M is for Mutiny! : history by alphabet

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John Dickson (text), Bern Emmerichs (illus.) M is for Mutiny!: history by alphabet,  Berbay Publishing, Nov 2017,  54pp., $29.95 (hbk), ISBN 9780994384119

This book is receiving quite a bit of positive publicity in the run-up to Christmas, having been listed in the independent booksellers’ summer reading guide. It is a picture book for a wide age range explaining many aspects of Australia’s colonial history. Entries for each letter of the alphabet may be a person, an animal, a place, an event or a concept such as ‘O is for opportunity’ and ‘A is for Acknowledgement of country’.

Bern Emmerichs, a celebrated artist, has created large hand-painted porcelain tiles which have then been photographed. Some have also been overlaid with the text from the author. The overall effect is different and unusual but visually engaging.

The book highlights a number of fascinating aspects of Australian history, such as, on the ‘C is for Cook’ page, the text states that Captain James Cook was ‘cooked and eaten by annoyed locals’. Although the assertion he was eaten is hotly debated, after he was killed by Hawaiian warriors, Cook’s body was accorded the same funerary rites as the local chiefs – his body was cremated to remove the flesh and his bones returned to the crew on his ship. He was then buried at sea.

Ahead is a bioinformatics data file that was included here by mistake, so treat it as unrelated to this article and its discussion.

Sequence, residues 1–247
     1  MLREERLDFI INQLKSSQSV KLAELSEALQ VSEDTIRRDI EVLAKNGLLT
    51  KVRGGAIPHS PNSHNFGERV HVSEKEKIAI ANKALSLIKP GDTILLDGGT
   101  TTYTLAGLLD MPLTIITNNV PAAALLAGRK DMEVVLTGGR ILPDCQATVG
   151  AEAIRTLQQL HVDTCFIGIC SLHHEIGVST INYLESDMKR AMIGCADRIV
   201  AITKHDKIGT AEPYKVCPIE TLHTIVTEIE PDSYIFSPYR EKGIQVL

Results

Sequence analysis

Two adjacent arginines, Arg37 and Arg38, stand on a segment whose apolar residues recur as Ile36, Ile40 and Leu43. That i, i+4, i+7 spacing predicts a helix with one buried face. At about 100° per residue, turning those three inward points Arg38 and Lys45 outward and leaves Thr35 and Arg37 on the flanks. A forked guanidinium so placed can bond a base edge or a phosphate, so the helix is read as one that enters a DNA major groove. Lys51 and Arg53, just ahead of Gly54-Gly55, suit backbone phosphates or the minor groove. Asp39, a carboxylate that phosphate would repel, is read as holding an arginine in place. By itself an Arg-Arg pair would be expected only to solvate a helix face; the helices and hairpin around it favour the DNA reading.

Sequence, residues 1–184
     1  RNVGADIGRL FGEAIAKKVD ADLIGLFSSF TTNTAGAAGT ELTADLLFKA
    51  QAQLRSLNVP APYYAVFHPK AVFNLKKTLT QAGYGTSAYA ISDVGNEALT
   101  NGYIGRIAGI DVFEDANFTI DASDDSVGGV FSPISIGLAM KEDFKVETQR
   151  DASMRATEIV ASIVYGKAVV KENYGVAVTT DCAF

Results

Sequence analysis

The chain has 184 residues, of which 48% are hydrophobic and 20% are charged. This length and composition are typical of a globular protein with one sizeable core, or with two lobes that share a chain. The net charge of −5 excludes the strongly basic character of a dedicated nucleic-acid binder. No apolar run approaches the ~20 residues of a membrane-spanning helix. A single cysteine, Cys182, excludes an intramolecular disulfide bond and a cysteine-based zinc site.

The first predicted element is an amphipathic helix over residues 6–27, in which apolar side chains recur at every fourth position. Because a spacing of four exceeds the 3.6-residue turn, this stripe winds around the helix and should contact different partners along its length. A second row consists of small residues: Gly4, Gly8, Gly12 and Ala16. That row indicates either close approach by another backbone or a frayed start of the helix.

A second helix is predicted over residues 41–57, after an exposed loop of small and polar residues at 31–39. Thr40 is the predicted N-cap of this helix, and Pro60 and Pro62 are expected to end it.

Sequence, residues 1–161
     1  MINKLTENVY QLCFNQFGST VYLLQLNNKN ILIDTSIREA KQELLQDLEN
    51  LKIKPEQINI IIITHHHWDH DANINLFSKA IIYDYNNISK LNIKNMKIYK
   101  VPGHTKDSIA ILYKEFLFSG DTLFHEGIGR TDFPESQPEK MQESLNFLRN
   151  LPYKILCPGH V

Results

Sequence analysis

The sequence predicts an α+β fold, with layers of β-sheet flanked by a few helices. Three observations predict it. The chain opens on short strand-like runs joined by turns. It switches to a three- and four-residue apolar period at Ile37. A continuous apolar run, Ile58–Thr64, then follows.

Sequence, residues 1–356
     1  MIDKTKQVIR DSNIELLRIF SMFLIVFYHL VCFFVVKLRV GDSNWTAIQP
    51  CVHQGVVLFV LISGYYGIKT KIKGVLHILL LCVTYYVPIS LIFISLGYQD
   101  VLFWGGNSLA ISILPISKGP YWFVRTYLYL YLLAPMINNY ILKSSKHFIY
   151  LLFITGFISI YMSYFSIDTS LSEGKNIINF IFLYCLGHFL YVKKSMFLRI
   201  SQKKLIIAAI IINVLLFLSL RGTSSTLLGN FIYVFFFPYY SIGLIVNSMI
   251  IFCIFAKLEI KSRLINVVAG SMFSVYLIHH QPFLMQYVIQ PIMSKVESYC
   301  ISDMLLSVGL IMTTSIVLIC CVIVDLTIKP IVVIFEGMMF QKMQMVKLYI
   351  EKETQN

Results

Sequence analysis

Unfortunately, the book contains a couple of factual errors. On the ‘G is for Government House’ page, the text states that the original building ‘on the Domain near Sydney’s Parramatta River was constructed by Captain Arthur Philip from timber and canvas ’ . This contains two errors: the Domain is not near the Parramatta River and, according to the Australian Government Department of the Environment and Energy, the first Government House was built of brick on what is now the site of the Museum of Sydney on the corner of Phillip and Bridge Streets, not on the Domain. The publisher assures Reading Time that these errors will be corrected in the next print run of this title.

Teachers Notes are available on the Newsouth Books webpage.

Reviewed by Lynne Babbage

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